Reply To: New Firmware for NS1 Nanosynth

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#1546

rssutcliffe
Participant

Hi Liam,

I was a bit confused with the dual euclid sketch (what are you using for step and pulse inputs?)

I modified this single euclid pattern generator (below) I found here:

http://facproductions.net/temp/fac_euclid.ino

Thanks to fac for the original.

I’m not sure what is meant by:

// Clock divisors and multipliers range from 1 to 16
// Outputs are organized in divider/multiplier pairs
// First pair is D0 and D1, then OX outputs 00 to 07.

Can you shed any light on that? : ) I’m using the DAC and 1st 2 digi outs, works well.

// ============================================================
//
// Program: ArdCore Euclidean Pattern Generator
//
// Description:
//
//
// Clock divisors and multipliers range from 1 to 16.
//
// Outputs are organized in divider/multiplier pairs
// First pair is D0 and D1, then OX outputs 00 to 07.
//
// I/O Usage:
// Knob A0: Pattern length (1 to 16)
// Knob A1: Density – proportion of triggers (0 to 1)
// Analog In A2: Shift – reset to step (0 to length-1)
// Analog In A3: Reset trigger
// Digital Out D0: Pattern output
// Digital Out D1: Inverted output or Gate output (can be user-selected)
// Clock In: Clock input
// Analog Out: Extra CV out (e.g., for pitch, cutoff, etc)
//
// This sketch was programmed by Alfonso Alba (fac)
// E-mail: shadowfac@hotmail.com
//
// Created: Feb 2013
// Modified: Feb 2013
// Modified: Apr 2016 for use with NS1 Nanosynth by RSS
// ============================================================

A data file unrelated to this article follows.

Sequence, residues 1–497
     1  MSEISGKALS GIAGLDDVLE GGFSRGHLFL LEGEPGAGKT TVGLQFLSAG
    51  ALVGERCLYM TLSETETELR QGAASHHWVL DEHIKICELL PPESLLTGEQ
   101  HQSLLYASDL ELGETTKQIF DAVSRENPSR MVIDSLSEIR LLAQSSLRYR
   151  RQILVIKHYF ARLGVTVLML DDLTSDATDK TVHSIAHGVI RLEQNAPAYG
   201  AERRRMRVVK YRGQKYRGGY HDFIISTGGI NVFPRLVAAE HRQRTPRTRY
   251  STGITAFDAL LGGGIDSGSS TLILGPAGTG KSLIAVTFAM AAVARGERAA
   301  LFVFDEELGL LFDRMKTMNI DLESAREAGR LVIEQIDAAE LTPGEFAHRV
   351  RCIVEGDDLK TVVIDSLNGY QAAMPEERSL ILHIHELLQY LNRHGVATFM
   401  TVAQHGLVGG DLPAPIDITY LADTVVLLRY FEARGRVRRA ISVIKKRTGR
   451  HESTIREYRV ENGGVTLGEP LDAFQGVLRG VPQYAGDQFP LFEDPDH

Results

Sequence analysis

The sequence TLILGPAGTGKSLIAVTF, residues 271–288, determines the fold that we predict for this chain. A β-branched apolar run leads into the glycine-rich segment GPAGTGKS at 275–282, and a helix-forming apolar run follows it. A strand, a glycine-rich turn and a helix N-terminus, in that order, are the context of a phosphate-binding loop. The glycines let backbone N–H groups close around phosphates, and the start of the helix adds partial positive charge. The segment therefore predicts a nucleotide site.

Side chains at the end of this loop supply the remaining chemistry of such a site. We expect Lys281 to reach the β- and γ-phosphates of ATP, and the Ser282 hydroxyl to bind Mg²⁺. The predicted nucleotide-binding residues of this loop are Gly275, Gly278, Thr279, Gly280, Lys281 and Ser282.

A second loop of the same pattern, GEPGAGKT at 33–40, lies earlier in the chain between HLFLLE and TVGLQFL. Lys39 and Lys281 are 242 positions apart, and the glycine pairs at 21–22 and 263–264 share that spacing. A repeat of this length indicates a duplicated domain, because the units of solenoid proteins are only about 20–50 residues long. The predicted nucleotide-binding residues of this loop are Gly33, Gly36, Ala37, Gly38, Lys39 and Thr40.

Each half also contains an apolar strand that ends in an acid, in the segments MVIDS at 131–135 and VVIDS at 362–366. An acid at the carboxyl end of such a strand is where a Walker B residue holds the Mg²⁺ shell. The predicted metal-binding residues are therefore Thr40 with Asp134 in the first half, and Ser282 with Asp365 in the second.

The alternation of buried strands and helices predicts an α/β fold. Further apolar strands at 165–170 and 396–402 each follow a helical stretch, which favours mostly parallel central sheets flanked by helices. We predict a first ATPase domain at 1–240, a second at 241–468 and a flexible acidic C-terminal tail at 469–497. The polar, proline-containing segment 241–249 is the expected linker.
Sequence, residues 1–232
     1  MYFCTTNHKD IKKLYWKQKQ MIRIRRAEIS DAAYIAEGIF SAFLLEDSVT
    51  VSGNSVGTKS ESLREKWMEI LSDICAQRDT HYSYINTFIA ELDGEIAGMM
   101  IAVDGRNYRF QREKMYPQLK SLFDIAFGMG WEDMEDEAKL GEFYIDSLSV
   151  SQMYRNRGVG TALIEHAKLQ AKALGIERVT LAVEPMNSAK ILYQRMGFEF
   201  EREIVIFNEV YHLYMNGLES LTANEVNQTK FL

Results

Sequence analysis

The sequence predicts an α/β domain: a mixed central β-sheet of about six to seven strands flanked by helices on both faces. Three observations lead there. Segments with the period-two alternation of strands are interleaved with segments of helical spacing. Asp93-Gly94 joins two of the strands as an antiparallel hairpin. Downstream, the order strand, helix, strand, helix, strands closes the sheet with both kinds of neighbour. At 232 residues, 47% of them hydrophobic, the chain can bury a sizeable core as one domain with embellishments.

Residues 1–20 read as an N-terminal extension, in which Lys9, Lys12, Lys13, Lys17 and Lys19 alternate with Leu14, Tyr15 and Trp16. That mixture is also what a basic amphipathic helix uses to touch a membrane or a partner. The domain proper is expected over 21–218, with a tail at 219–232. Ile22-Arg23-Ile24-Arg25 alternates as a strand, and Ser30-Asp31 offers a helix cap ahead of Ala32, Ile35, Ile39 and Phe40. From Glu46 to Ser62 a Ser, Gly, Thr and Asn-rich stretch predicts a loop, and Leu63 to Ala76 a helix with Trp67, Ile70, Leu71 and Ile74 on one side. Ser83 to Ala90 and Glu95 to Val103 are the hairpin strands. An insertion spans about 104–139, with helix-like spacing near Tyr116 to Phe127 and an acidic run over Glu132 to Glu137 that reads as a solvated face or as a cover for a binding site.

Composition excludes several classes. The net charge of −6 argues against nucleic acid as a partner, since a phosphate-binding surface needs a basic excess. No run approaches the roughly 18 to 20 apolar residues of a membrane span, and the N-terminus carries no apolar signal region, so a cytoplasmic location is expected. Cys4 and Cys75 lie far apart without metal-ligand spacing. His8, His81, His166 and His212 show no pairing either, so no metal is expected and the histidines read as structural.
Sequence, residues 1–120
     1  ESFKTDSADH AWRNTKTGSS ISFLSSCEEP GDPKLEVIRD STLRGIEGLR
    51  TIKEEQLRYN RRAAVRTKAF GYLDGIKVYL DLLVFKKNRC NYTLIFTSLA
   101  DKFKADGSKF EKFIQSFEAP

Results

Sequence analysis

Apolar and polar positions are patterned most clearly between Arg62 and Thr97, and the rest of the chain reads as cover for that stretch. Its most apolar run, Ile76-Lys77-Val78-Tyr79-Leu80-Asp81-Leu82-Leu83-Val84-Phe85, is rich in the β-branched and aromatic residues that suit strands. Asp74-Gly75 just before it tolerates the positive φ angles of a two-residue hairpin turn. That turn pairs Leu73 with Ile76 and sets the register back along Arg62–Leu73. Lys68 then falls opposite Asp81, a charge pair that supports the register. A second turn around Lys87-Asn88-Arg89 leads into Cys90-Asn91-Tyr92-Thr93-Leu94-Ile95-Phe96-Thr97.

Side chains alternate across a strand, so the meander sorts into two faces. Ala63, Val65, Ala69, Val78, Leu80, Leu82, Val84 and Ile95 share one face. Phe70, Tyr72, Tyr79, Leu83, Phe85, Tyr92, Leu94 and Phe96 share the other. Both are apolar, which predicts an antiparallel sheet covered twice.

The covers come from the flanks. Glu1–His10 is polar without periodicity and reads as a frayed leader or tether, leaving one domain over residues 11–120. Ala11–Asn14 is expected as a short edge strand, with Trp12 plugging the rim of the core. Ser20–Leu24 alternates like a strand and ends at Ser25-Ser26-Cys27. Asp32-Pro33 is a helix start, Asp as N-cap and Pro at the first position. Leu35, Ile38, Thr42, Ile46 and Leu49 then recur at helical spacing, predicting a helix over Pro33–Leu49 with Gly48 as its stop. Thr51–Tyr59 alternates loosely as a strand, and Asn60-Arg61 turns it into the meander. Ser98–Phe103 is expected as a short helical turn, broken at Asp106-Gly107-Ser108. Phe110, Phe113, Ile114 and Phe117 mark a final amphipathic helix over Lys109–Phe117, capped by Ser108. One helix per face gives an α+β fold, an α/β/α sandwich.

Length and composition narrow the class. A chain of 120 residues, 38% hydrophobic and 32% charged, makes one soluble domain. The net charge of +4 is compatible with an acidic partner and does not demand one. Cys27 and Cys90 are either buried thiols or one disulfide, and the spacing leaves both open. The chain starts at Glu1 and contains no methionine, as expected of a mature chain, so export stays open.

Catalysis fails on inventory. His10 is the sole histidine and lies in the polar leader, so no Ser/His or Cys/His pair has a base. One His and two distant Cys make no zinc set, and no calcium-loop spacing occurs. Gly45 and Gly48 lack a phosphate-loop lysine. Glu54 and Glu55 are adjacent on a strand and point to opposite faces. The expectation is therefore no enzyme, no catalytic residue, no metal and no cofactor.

//
// License:
//
// This software is licensed under the Creative Commons
// “Attribution-NonCommercial license. This license allows you
// to tweak and build upon the code for non-commercial purposes,
// without the requirement to license derivative works on the
// same terms. If you wish to use this (or derived) work for
// commercial work, please contact 20 Objects LLC at our website
// (www.20objects.com).
//
// For more information on the Creative Commons CC BY-NC license,
// visit http://creativecommons.org/licenses/
//
// ================= start of global section ==================

#include <SPI.h> // Remember this line!
#include <DAC_MCP49xx.h>
DAC_MCP49xx dac(DAC_MCP49xx::MCP4922, 4, -1);

// User definable options

#define VERBOSE 1 // Set to nonzero to print parameters in the console window
#define MAXLENGTH 16 // Set maximum pattern length (16 is recommended, but can also be higher)
#define TRIG_TIME 50 // Trigger length in milliseconds (default is 50, decrease for faster clocks)
#define CV_QUANTIZE 1 // Set to nonzero to quantize the CV OUT voltage in 1/12 volt increments
#define CV_PER_CLOCK 1 // 0 = change CV OUT at each clock, 1 = change CV OUT at each trigger in D0
#define D1_IS_GATE 1 // 0 = D1 is an inverted version of D0, 1 = D1 is a gated version of D0

// constants related to the Arduino Nano pin use
#define clkIn 2 // the digital (clock) input
#define digPin0 3 // the digital output pin D0
#define digPin1 4 // the digital output pin D1
#define pinOffset 5 // the first DAC pin (from 5-12)

// variables for interrupt handling of the clock input
volatile char clkState = LOW;
char resetState = LOW;

unsigned char pattern[MAXLENGTH];
unsigned char cv[MAXLENGTH];
unsigned char pos;
unsigned char length;
unsigned char density;
unsigned char reset_position;
unsigned char reset_state;

unsigned long oldMillis;
unsigned char trig_on;

// ==================== start of setup() ======================

// This setup routine should be used in any ArdCore sketch that
// you choose to write; it sets up the pin usage, and sets up
// initial state. Failure to properly set up the pin usage may
// lead to damaging the Arduino hardware, or at the very least
// cause your program to be unstable.

void setup()
{
// if you need to send data back to your computer, you need